Impression coping spacer 30 in the preferred embodiment of FIG. 1 has a generally tubular or annular geometry, including an outer surface 32 and an inner surface 34. In the preferred embodiment of FIG. 1, impression coping spacer 30 is slightly resilient, and inner surface 34 defines an inside diameter that may be slightly less than, equal to, or only nominally greater than the outside diameter of impression coping 3. If of smaller inside diameter, this causes impression coping spacer 30 to stretch slightly when applied to impression coping 3, to ensure a reasonably leak-tight connection sufficient to prevent the ingress of casting composition 12 there between. Nevertheless, the essential requirement is that there is no consequential seepage of casting composition reasonably possible between impression coping spacer 30 and impression coping 3.

The particular geometry of impression coping spacer 30 is not limited to tubular construction with circular or annular cross-section, and so may include other geometries such as extruded hexagonal or other polygonal cross-sectional geometries having open or hollow cores. The particular geometries available will depend upon factors including but not limited to the resilience of the material used to fabricate impression coping spacer 30; the viscosity of casting composition 12; and the exterior geometry of the exposed portion of impression coping 3. Since casting composition 12 is preferably relatively more viscous, the fitting between impression coping spacer 30 and impression coping 3 in the preferred embodiment can be quite loose. In further contemplated embodiments, impression coping spacer 30 may comprise additional features or components known in the hardware arts to improve the seal with impression coping 3, such as for exemplary purposes but not solely limited thereto: one or more internal rings or features of smaller inside diameter than the primary inside diameter; additional layers or materials between inner surface 34 and impression coping and implant 3 that seal or adhere the two together; and any other suitable known features and components.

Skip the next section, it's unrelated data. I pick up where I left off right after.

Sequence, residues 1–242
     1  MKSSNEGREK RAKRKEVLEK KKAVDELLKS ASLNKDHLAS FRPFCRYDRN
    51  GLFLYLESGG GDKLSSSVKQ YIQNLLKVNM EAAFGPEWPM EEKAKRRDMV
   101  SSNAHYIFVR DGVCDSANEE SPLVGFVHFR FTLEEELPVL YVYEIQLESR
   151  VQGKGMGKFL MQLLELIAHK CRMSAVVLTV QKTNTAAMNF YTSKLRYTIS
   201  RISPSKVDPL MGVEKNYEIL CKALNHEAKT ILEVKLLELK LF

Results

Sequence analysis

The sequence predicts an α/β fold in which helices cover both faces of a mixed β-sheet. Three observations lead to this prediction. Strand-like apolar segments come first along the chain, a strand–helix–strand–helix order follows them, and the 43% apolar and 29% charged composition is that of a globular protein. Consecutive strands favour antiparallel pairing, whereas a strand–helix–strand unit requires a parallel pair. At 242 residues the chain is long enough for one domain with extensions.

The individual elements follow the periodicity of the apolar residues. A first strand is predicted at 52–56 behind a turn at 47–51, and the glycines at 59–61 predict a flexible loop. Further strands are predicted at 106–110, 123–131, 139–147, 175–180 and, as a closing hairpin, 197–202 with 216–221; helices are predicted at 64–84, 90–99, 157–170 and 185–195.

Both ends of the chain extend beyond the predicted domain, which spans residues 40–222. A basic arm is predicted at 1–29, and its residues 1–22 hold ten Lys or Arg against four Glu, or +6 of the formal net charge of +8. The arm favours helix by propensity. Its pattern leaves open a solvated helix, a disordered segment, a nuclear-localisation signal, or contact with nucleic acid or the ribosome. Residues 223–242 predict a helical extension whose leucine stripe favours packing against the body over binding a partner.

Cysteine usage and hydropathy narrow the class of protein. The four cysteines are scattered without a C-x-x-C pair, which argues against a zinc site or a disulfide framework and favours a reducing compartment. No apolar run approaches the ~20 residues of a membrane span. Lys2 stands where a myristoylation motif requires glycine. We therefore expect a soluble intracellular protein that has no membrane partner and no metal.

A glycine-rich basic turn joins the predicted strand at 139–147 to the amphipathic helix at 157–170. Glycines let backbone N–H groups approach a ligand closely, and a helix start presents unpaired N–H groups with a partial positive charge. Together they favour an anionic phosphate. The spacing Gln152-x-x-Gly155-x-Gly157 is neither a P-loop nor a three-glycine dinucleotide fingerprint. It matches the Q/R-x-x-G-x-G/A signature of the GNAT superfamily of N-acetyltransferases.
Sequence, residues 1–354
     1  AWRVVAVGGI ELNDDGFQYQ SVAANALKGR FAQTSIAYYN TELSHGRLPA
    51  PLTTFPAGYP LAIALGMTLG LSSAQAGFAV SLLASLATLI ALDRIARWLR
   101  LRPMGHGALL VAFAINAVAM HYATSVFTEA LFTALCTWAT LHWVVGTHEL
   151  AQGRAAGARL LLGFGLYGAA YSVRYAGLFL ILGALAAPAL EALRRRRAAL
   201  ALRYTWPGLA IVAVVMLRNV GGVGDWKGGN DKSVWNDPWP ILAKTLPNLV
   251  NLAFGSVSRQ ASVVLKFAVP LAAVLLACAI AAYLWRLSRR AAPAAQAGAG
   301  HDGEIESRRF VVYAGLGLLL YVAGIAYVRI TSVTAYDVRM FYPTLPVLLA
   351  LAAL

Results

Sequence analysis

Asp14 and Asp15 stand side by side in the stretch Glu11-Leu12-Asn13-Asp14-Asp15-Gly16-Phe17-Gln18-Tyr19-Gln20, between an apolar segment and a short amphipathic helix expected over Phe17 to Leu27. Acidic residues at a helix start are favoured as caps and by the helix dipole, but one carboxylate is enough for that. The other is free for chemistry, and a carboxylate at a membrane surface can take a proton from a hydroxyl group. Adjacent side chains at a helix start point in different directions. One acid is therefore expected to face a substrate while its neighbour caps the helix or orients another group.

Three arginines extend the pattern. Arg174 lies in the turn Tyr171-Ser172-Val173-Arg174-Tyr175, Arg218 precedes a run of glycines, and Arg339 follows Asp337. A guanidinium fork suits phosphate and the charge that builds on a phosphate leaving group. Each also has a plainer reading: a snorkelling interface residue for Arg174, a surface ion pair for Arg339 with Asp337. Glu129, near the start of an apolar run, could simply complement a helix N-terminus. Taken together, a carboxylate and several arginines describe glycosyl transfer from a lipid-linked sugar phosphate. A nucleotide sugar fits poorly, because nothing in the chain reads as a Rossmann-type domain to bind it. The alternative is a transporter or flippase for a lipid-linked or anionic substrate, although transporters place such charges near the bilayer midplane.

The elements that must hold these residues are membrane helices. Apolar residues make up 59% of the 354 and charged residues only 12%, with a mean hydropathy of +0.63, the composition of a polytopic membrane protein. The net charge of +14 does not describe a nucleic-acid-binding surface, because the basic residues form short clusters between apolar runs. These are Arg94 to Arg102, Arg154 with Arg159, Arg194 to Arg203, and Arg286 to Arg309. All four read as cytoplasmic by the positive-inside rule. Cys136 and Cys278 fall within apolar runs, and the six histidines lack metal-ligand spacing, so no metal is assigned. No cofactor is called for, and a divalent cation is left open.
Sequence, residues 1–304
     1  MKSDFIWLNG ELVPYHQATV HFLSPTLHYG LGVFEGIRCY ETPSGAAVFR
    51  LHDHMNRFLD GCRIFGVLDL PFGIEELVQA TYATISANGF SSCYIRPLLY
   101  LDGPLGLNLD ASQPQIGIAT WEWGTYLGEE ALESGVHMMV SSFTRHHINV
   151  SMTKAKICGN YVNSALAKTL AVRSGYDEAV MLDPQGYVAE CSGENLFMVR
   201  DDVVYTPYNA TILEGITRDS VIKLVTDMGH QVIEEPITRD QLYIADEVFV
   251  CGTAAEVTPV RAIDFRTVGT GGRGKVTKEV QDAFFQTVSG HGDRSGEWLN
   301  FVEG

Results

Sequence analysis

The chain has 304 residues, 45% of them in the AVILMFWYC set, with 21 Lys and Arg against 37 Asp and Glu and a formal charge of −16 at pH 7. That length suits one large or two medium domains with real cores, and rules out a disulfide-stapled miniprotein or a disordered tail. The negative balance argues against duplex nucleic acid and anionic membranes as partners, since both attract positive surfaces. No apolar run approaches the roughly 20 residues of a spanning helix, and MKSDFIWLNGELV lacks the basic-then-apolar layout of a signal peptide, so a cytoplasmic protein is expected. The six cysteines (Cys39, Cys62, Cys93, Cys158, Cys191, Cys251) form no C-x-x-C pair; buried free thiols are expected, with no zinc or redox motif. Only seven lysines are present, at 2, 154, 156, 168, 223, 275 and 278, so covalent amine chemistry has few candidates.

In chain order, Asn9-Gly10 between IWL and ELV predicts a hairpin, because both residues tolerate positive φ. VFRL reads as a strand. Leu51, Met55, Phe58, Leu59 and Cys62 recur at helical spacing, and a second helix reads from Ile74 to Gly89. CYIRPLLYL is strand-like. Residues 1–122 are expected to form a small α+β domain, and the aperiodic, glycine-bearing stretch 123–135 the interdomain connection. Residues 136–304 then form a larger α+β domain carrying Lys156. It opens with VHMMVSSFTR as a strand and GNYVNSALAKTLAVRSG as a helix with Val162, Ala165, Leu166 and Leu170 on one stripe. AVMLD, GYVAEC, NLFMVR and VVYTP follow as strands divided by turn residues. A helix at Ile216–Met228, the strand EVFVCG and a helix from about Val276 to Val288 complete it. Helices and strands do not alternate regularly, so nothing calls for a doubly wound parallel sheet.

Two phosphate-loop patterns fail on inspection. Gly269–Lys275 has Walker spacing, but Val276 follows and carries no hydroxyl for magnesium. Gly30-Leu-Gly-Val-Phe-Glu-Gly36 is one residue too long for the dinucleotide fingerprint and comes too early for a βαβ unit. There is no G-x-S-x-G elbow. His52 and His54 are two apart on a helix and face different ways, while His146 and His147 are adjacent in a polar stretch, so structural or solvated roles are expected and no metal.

Once preferred impression coping spacer 30 has been placed around impression coping 3, as illustrated in FIG. 1, a relatively high viscosity casting composition 12 will be applied to one or more openings formed in a tray 17. Tray 17 may, for exemplary purposes only and not solely limiting thereto, resemble that shown in Craig et al or Hurson incorporated by reference herein above. In an alternative embodiment contemplated herein, tray 17 may be fabricated by a dentist specifically for use with a particular patient.

The one or more openings in tray 17 will preferably be formed to correspond to the locations of the implants and impression copings, and will also preferably be formed to have an inside geometry that corresponds to or resembles the geometry of the patient's adjacent oral cavity 1 including gums 2. As noted herein above though not essential to the invention, with sufficient filler material, casting composition 12 will not flow freely away from the site of application. This allows casting composition 12 to be manually applied to tray 17 just prior to application of casting composition 12 and tray 17 to the one or more impression copings. In the preferred embodiment, a relatively high viscosity casting composition 12 is quickly and efficiently applied to tray 17, and tray 17 with casting composition 12 then manually applied to surrounding mucosal tissue 2 and adjacent to and encompassing impression coping spacer 30. An inner casting surface 14 preferably follows the contours and geometry of gums 2, and the thickness between the inner casting surface 14 and outer casting surface 16 is preferably relatively constant.